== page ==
11:07: Slovenia takes the lead 10-9 and will be shooting two free throws the rest of the way out as Qatar has 7 team fouls. This seems overly punitive to me, as basically it's the equivalent of giving a team four free throws for every foul in a regular basketball game. Slovenia is in the quadruple bonus, if you will.

12:09: The announcer just referred to the five-second rule as "the ball hog rule." I like it.

12:51: Qatar now in the quadruple bonus, too. I just thought of something: each team has a fourth player as a substitute, and both teams have been subbing freely. That means these teams have coaches, presumably. Shouldn't one of them be the ghost of Tupac Shakur, spitting out pieces of his cigar? Wait a tick ... I'll be some team's coach! Hire me! Hire me!

17:46: This announcer is a trip and a malaprop machine. He just described a player toweling his face as "wiping the stress off his face ... he takes a shot of water too. He's good to go. He's good to go!"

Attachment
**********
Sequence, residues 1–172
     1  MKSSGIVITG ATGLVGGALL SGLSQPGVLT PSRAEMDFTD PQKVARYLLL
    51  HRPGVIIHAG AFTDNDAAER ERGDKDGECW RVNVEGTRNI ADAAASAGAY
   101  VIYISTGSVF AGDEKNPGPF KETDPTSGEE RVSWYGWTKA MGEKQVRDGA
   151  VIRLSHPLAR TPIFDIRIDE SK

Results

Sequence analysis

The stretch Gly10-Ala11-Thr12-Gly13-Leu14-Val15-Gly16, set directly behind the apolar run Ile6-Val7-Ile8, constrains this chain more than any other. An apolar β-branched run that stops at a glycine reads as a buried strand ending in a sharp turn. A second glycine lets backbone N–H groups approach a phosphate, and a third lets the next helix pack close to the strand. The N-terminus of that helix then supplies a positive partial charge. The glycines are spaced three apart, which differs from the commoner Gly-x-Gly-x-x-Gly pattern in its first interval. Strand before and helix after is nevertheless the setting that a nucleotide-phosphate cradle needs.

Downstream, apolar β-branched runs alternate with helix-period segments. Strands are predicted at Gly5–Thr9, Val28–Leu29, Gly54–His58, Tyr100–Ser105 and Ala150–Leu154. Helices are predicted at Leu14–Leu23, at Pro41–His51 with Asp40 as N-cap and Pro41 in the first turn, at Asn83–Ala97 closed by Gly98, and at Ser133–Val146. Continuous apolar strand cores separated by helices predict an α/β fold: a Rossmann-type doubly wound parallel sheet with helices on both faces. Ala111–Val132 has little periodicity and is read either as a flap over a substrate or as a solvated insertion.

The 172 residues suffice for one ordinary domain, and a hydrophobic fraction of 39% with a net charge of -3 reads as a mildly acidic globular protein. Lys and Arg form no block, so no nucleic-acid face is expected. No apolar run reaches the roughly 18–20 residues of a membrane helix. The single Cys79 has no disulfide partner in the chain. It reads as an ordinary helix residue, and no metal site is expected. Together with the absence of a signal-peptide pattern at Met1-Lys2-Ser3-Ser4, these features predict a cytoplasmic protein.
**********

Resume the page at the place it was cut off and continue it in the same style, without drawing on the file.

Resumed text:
20:52: Showing the teams during a timeout, they clearly do not have coaches. Damn, another dream denied.

21:21: Qatar now leads 19-16 and can win it with a two-pointer or by just hanging on to the lead with 1:16 left. Slovenia is taller, but Qatar seems much more physical and is pushing Slovenia around under the basket.

24:24: This game is getting super nutty. 6.4 seconds left, Slovenia ball, down 20-19. If they tie it at 20 and time runs out, overtime will be won by the first team to score 2 points. Alternatively, Slovenia can win it outright with a two-pointer here. Great game to use as an intro into this world.

24:55: Slovenia ties it with a dunk just before the buzzer. Overtime!

27:22: Dominic "Mighty Mouse" James, the first player mentioned in this piece, ends it with a two for Qatar and they are the "Beijing Masters" champions. It's fitting; they did seem like the better team.

I've looked into it a little deeper and, unsurprisingly, These Guys Are Good. Dominic James is a former Big East Rookie of the Year at Marquette. Tanguy Alban was drafted in 2011 by the Mavs and subsequently traded to Minnesota, but has remained in Qatar (via Congo-Brazzaville) for hoops.

I also want to read more about the tour and its stops, but if all the games are on YouTube, I do not want to be spoiled. My verdict: lots of fun, captures the spirit of street hoops (they apparently have a dunk contest at every stop, too), and a relaxing thing to watch for half an hour before settling in to bed. Good stuff!